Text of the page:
Articles by author: egreene

  • New Episode of Foreword Podcast Features Prof. Dolansky

    Don’t miss the current episode of Foreword, in which Brock Classics M.A. alumna, Alison Innes, interviews Prof. Fanny Dolansky about childhood in ancient Rome.

    Please click here to listen to the podcast.

    What was life like for children in ancient Rome? How did Romans think about the idea of family? And why should we bother studying Latin in the 21st century? Our guest this episode is Dr. Fanny Dolansky, Associate Professor with the Department of Classics and Archaeology. She shares how she became interested in Roman history, her work on childhood and Roman religion, and how the pandemic has presented her with new avenues of research.

    Foreword introduces the study of arts, culture, and society and explores how research in the Humanities helps us understand our world today. Topics include history, English, modern languages, literature, ancient history, archaeology, game studies, technology, fine and performing arts, philosophy, Canadian studies, and more.

  • Prof. Smith to Lead Study Tour to Greece in Summer 2023

    In the summer of 2023, the Department of Classics & Archaeology will offer CLAS/VISA 3M23 Study Tour of Greece. Students will spend 2-3 weeks touring the archaeological sites and museums of Greece to learn first-hand about the history and culture of the ancient Greek world. To express interest, and for updates and more information about the application process, please fill out the brief online form at: https://forms.office.com/r/0Td8VaVk0f

  • Prof. Dolansky contributes chapter to new volume on the Roman emperor and his court

    Drawing on her research interests in Roman domestic religion, Fanny Dolansky recently published a chapter titled “Religion and Divination at Court” in The Roman Emperor and His Court, c. 30 BC – AD 300, a volume of essays that explores aspects of court life and interactions between emperors and their courtiers in imperial Rome. She has also contributed several entries to a chapter on “Rituals and ceremonial” in the accompanying sourcebook volume where she examines literary and visual evidence for the participation of the emperor and his court, including members of the imperial family, in religious rituals such as the toga virilis ceremony to mark freeborn boys’ coming of age and the Saturnalia, a major year-end festival celebrated in December.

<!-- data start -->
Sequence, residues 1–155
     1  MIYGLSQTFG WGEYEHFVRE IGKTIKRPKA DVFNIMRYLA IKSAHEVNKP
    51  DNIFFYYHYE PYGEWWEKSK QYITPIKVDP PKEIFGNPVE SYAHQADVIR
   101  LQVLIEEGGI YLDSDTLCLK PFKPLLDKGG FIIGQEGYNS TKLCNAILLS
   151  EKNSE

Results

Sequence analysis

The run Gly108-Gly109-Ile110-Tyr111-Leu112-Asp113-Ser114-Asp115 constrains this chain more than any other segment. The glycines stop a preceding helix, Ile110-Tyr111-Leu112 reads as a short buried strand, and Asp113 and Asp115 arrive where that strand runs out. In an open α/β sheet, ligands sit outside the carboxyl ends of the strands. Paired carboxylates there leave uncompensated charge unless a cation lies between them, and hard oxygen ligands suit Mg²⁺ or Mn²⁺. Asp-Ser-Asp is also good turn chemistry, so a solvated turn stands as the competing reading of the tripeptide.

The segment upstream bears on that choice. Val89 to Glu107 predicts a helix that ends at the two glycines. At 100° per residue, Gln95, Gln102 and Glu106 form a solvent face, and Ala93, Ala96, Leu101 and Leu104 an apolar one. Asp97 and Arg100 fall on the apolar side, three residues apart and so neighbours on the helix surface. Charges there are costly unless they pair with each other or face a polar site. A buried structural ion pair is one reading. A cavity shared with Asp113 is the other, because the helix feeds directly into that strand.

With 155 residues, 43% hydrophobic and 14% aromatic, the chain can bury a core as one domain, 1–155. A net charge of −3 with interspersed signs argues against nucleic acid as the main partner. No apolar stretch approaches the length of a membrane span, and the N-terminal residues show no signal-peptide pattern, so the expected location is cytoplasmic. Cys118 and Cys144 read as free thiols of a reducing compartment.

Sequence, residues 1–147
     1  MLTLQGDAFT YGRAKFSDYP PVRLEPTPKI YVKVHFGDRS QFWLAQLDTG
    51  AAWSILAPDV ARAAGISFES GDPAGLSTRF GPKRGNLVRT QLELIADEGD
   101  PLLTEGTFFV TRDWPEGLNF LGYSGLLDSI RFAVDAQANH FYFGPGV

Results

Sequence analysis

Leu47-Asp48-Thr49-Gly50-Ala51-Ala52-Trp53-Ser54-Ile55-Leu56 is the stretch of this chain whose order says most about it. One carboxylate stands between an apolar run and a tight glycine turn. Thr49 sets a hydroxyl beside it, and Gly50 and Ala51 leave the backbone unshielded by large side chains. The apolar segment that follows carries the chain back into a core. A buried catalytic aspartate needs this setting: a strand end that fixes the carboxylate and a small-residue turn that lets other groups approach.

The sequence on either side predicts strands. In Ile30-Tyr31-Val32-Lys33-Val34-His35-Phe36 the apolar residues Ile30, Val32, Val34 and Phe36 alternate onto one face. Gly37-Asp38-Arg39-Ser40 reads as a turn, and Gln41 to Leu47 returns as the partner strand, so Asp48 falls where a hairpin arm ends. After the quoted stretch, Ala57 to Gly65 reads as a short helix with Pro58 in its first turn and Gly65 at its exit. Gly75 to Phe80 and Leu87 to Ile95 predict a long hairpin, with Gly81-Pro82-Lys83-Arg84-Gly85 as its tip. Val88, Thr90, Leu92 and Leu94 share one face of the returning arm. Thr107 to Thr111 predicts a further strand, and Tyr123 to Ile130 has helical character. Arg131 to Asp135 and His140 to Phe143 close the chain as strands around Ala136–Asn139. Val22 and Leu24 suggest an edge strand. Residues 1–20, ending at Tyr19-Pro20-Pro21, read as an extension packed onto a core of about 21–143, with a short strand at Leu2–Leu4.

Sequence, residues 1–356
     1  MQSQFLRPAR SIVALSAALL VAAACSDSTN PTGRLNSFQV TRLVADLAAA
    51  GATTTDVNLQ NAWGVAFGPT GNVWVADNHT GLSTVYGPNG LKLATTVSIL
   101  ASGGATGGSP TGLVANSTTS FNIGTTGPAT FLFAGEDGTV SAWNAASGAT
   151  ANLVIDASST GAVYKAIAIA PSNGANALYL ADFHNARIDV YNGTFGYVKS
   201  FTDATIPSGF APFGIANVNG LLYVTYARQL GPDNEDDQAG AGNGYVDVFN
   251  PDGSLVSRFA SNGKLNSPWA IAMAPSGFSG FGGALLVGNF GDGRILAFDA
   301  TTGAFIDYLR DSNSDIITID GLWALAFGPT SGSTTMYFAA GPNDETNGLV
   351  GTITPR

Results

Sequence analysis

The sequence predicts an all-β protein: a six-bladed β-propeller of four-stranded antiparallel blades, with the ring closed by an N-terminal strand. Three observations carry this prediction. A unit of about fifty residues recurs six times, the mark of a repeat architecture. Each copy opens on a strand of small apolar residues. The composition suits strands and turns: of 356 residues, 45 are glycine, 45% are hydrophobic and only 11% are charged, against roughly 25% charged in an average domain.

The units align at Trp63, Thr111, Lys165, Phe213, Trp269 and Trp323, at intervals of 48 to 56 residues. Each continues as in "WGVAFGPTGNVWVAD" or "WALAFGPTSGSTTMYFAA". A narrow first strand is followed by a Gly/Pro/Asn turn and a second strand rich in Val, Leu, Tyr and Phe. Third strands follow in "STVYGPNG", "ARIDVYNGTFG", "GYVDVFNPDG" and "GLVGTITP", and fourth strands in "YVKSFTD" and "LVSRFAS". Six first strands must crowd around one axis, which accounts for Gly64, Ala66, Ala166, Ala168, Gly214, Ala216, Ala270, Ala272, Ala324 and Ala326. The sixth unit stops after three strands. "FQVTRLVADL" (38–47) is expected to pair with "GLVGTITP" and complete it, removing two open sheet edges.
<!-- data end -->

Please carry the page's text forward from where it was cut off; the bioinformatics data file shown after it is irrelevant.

Learn more on the publisher’s website.

    Categories: News

  • Dolansky lecture at Royal Ontario Museum

    On March 1, Fanny Dolansky presented a lecture, “Religion at Court” at Caesar’s Palace: Inside the Court of Early Imperial Rome, a symposium at the Royal Ontario Museum. The symposium aimed to reassess the Roman court – often imagined as a world of luxury, intrigue, and murder – using archaeological and textual evidence to explore the court’s importance for the exercise and presentation of power in Ancient Rome. The event website can be found here.

     

  • Workshop on Journeys of Forced and Undocumented Migration

    On February 20-21, Elizabeth Greene, Richard Leventhal, Justin Leidwanger and Brian Daniels co-organized a workshop: Memory, Movement, Materiality: Journeys of Forced and Undocumented Migration, featuring a keynote event by artist Michael Rakowitz. The workshop, which explored the materiality of passages, past and present, of forced and undocumented migration, was sponsored by the Perry World House and the Penn Cultural Heritage Center at the University of Pennsylvania. It provided an opportunity for an international group of archaeologists, museum professionals, artists, and policy makers to consider ongoing questions of human movement in a contemporary light.

     

  • On the meaning of Neoclassical architecture

    Draft executive order for U.S. federal architecture alarms Brock experts

    Classics Department professor Katharine von Stackelberg offered her opinion on the meaning of Neoclassical architecture in the Brock News: